Identity crisis

The ethics of crime reporting are slippery, subjective and hard to define. Few stories have more at stake than those that deal with life and death, guilt and innocence. The decision-making — from how to word allegations to what information to include or exclude in a crime blotter item — is something that requires ethical discussion and dissection.

Sex, drugs and the news

Risqué content can quickly become risky for student journalists. A few bleep-worthy words or a more-than-suggestive sex column can earn editors and reporters anything from an inbox flooded with angry emails to an earful from school officials to threats to the publication itself. So how to handle it? Students and advisers dished on the agony and ecstasy of pushing the limits in campus journalism.

Miss. student settles lawsuit after being excluded from yearbook because of her tuxedo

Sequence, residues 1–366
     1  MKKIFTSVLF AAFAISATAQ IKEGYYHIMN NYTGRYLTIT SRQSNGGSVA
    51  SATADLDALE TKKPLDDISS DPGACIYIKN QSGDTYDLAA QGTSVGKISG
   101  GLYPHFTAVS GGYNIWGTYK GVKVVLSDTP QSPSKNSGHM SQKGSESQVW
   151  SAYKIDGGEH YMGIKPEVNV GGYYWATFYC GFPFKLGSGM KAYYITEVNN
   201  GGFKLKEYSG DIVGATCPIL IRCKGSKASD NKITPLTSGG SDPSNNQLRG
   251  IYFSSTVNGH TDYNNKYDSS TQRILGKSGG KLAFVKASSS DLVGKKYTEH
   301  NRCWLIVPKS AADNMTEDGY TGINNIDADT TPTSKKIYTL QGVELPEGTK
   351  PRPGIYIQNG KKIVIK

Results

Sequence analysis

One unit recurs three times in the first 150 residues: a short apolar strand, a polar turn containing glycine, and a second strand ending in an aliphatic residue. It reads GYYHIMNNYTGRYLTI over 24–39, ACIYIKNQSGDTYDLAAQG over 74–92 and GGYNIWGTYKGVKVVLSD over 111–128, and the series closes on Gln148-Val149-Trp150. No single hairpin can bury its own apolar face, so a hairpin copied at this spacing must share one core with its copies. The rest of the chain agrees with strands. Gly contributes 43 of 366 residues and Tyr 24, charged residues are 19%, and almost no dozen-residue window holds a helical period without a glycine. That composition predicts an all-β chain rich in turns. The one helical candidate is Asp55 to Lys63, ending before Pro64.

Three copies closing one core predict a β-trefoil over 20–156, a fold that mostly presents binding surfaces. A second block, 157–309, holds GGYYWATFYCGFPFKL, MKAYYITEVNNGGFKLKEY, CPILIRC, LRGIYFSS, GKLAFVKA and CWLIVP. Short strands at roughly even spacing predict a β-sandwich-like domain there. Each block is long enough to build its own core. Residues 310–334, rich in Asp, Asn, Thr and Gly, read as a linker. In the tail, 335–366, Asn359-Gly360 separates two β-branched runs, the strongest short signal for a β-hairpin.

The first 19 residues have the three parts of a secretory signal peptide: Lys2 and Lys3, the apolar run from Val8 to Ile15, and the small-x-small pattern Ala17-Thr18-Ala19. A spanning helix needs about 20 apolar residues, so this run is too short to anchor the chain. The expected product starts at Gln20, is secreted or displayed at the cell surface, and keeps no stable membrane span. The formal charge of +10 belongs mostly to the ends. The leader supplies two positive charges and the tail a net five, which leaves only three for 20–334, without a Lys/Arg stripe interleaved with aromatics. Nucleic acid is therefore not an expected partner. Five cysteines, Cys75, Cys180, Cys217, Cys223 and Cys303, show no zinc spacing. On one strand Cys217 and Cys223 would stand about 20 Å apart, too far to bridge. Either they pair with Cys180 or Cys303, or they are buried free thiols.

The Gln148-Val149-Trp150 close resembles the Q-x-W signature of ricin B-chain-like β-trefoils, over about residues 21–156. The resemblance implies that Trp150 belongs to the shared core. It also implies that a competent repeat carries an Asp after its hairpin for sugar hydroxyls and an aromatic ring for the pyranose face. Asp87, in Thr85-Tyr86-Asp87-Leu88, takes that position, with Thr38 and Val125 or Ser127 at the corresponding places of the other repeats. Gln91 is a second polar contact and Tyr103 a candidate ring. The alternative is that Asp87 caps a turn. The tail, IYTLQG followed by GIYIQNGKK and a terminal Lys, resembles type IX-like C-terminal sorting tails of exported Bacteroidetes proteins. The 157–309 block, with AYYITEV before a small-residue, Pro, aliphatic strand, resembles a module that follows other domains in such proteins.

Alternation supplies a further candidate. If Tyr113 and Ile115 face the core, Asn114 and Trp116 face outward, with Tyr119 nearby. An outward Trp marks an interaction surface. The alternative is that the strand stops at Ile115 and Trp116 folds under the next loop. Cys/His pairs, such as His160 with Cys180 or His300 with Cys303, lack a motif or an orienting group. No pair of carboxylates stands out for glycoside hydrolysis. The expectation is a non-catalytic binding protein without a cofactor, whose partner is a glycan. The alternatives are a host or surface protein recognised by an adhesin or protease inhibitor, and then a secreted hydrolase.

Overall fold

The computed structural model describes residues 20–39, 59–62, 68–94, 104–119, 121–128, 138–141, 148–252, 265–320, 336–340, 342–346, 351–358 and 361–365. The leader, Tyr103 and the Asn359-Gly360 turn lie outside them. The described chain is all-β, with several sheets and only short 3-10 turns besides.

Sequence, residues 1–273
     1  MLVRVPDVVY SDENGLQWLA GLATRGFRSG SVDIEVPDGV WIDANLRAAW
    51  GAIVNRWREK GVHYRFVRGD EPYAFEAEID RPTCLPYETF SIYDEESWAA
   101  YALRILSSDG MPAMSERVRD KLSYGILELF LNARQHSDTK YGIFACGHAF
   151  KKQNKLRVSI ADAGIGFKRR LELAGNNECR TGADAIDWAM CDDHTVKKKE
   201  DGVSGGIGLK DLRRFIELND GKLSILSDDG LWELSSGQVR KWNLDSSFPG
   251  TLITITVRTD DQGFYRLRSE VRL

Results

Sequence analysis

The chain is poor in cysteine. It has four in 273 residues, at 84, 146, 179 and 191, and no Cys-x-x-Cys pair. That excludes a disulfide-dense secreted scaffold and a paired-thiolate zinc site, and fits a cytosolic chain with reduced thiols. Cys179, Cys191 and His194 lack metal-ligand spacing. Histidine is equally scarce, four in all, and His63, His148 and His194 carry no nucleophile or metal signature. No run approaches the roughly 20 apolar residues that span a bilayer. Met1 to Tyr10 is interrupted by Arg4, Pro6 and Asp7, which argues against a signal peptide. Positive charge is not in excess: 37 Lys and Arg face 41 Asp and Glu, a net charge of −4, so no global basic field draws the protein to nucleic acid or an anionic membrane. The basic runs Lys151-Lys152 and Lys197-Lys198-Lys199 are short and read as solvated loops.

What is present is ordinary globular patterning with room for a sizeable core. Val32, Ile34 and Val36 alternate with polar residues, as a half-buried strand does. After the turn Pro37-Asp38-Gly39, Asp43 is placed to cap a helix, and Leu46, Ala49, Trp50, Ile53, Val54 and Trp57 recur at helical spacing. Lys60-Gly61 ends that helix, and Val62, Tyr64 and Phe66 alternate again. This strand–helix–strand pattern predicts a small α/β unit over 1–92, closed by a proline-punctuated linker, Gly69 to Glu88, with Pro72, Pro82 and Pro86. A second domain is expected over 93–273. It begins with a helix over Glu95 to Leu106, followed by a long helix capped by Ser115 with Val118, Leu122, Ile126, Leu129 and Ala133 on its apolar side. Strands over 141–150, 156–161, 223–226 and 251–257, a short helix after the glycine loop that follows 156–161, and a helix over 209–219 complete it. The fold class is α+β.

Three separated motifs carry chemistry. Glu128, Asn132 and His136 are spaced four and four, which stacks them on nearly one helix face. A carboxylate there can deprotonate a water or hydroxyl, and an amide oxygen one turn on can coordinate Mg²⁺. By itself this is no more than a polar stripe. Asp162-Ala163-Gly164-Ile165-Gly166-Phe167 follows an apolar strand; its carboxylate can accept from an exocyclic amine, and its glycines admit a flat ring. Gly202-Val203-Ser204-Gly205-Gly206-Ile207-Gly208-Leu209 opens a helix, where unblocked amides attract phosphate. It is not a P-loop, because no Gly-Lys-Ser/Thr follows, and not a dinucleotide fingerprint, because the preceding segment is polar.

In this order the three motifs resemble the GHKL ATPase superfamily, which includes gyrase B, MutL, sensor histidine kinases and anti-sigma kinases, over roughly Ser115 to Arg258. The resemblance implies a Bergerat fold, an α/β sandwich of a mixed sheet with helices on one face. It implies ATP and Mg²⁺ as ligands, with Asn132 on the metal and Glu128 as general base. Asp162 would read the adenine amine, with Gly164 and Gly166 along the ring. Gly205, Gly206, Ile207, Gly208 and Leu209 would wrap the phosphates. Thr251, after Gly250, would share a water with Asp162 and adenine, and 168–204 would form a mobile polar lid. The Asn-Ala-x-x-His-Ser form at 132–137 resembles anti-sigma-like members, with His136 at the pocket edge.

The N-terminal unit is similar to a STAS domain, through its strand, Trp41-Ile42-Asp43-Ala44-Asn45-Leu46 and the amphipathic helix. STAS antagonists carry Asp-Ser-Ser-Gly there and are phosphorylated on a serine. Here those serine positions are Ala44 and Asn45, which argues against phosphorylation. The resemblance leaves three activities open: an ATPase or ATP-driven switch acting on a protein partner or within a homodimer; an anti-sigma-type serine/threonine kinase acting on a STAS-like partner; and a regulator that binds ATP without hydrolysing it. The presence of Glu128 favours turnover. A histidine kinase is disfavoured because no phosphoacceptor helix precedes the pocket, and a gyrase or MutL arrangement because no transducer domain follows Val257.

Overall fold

The Mississippi teenager whose yearbook portrait was removed because she wore a tuxedo will have her photo displayed alongside her classmates’ in the school library, as part of a settlement reached with the school district last week.The Copiah County School District also will scrap its portrait policy that required male students to wear tuxedos and female students to wear drapes for their official yearbook photos, the ACLU of Mississippi announced.Instead, all students will don graduation caps and gowns for their photos.Ceara Sturgis, a 2010 graduate of the Wesson Attendance Center, filed a discrimination lawsuit “on the basis of sex and on the basis of sex stereotypes” against the eastern Mississippi school district in August 2010.Sturgis, who prefers more masculine clothing, felt “uncomfortable” wearing the drape, designed to mimic a dress, in her photo.